Hybrid Assembly Path Planning for Complex Products by Reusing a Priori Data
Assembly path planning (APP) for complex products is challenging due to the large number of parts and intricate coupling requirements. A hybrid assembly path planning method is proposed herein that reuses a priori paths to improve the efficiency and success ratio. The assembly path is initially segmented to improve its reusability. Subsequently, the planned assembly paths are employed as a priori paths to establish an a priori tree, which is expanded according to the bounding sphere of the part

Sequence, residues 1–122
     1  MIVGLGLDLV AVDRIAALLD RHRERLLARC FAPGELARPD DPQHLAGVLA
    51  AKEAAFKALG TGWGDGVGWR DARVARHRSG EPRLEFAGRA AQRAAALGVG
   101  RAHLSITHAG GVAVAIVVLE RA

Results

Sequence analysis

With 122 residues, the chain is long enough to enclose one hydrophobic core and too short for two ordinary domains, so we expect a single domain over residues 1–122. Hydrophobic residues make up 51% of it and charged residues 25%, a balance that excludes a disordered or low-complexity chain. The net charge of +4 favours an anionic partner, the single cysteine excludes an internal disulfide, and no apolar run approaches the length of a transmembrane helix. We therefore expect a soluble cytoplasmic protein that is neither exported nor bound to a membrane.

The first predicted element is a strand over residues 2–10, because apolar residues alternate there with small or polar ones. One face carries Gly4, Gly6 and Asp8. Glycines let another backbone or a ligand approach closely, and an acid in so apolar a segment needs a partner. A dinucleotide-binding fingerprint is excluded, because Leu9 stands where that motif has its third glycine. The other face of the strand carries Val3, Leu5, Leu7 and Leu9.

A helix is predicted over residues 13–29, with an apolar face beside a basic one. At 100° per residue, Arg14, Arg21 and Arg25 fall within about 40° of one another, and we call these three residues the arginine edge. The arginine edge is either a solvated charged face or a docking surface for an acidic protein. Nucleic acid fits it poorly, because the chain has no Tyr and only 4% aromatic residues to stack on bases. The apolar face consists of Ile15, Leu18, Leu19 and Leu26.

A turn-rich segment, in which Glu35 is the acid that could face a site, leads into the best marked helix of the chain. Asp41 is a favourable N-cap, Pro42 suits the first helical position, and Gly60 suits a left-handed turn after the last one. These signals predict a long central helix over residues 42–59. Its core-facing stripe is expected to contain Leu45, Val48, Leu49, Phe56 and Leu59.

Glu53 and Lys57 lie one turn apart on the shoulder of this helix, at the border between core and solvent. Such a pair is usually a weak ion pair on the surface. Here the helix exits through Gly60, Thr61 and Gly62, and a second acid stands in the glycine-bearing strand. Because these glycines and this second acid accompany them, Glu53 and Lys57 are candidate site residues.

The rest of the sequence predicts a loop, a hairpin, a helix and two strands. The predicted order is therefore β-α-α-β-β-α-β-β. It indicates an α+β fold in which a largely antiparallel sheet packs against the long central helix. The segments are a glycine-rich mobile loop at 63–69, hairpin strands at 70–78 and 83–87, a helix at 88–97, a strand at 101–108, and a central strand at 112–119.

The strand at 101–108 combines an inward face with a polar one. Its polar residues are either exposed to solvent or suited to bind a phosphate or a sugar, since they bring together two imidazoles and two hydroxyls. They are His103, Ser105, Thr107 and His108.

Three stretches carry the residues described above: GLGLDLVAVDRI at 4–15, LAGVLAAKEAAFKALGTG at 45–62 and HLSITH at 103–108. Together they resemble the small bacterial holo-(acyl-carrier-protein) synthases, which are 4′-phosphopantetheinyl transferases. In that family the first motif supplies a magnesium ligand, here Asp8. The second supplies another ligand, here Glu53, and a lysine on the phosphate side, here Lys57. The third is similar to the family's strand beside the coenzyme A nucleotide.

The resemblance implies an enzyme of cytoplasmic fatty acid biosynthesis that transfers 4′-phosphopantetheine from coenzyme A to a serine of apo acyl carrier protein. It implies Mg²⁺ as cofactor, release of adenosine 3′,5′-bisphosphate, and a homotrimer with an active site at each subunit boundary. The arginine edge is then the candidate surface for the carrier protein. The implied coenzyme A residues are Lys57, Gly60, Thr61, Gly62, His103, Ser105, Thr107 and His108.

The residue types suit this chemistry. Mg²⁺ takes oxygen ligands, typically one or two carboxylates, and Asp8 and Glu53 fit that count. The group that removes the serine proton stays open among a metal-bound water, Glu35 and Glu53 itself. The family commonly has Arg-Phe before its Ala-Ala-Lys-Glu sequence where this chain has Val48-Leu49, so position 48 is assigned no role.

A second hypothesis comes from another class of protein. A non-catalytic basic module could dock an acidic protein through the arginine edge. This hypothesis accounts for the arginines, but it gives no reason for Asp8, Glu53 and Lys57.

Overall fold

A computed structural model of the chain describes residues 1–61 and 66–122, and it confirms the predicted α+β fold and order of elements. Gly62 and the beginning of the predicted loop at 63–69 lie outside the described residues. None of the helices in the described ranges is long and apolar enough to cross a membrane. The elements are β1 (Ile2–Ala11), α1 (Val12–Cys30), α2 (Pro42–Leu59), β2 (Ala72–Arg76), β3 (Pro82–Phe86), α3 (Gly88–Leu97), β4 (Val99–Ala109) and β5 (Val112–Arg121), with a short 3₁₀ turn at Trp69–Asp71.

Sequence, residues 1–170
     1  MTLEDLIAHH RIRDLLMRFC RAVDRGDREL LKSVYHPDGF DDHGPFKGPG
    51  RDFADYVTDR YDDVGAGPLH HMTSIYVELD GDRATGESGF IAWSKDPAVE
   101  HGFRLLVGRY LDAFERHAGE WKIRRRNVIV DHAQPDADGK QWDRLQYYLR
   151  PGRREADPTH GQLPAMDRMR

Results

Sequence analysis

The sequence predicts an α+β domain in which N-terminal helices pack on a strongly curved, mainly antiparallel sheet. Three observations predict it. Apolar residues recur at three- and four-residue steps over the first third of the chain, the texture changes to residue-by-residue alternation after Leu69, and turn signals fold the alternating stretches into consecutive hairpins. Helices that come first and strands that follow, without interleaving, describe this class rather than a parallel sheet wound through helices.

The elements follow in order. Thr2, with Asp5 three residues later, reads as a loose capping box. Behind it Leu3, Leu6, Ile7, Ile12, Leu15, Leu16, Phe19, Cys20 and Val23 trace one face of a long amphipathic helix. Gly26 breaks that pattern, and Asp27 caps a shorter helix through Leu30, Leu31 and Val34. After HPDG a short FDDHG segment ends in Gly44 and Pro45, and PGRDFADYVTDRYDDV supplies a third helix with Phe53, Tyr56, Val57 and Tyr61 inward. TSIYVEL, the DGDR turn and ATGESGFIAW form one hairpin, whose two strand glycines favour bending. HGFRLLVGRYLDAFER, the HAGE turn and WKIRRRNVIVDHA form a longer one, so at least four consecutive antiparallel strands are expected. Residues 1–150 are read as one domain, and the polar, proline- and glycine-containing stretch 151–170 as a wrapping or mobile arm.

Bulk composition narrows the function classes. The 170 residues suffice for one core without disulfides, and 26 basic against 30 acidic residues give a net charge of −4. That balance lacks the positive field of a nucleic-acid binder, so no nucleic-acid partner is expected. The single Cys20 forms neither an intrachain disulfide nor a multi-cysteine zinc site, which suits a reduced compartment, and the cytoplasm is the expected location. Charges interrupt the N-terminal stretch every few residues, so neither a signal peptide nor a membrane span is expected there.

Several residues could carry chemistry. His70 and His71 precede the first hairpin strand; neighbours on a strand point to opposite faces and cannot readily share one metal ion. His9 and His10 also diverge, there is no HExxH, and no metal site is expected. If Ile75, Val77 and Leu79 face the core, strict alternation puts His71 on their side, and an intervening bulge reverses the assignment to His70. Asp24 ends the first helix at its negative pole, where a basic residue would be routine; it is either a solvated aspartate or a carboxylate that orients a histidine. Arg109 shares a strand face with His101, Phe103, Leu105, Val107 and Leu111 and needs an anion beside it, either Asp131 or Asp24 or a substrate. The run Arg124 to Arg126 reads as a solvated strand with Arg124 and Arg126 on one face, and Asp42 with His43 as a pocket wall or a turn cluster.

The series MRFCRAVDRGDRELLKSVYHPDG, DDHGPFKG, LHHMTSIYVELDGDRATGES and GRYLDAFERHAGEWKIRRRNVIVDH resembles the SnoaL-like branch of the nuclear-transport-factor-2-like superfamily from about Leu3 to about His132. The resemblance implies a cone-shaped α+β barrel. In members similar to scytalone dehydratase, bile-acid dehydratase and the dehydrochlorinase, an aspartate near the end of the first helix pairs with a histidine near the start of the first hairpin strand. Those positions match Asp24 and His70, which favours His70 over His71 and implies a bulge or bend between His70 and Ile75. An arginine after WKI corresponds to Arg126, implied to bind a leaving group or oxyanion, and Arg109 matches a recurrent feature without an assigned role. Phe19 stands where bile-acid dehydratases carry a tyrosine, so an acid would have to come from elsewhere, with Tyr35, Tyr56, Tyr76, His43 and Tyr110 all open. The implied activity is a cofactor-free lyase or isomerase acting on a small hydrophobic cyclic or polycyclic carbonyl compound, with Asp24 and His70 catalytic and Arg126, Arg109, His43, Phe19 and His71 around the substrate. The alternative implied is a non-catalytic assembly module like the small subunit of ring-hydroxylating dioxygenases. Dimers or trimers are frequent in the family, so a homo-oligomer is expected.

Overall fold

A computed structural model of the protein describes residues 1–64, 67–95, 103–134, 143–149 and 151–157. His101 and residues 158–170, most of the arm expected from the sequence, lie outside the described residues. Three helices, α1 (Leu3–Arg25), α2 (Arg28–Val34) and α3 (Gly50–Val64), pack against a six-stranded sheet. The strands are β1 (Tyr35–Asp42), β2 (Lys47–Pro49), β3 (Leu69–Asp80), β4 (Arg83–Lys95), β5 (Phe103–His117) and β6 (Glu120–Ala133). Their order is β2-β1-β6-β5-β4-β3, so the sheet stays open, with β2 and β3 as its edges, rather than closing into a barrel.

... sphere of the part to create the a priori space for path searching. Three rapidly exploring random tree (RRT)-based algorithms are studied for path planning based on a priori path reuse. The RRT* algorithm establishes the new path exploration tree in the early planning stage when there is no a priori path to reuse. The static RRT* (S-RRT*) and dynamic RRT* (D-RRT*) algorithms form the connection between the exploration tree and the a priori tree with a pair of connection points after the extension of the exploration tree to a priori space. The difference between the two algorithms is that the S-RRT* algorithm directly reuses an a priori path and obtains a new path through static backtracking from the endpoint to the starting point. However, the D-RRT* algorithm further extends the exploration tree via the dynamic window approach to avoid collision between an a priori path and obstacles. The algorithm subsequently obtains a new path through dynamic and non-continuous backtracking from the endpoint to the starting point. A hybrid process combining the RRT*, S-RRT*, and D-RRT* algorithms is designed to plan the assembly path for complex products in several cases. The performances of these algorithms are compared, and simulations indicate that the S-RRT* and D-RRT* algorithms are significantly superior to the RRT* algorithm in terms of the efficiency and success ratio of APP. Therefore, hybrid path planning combining the three algorithms is helpful to improving the assembly path planning of complex products.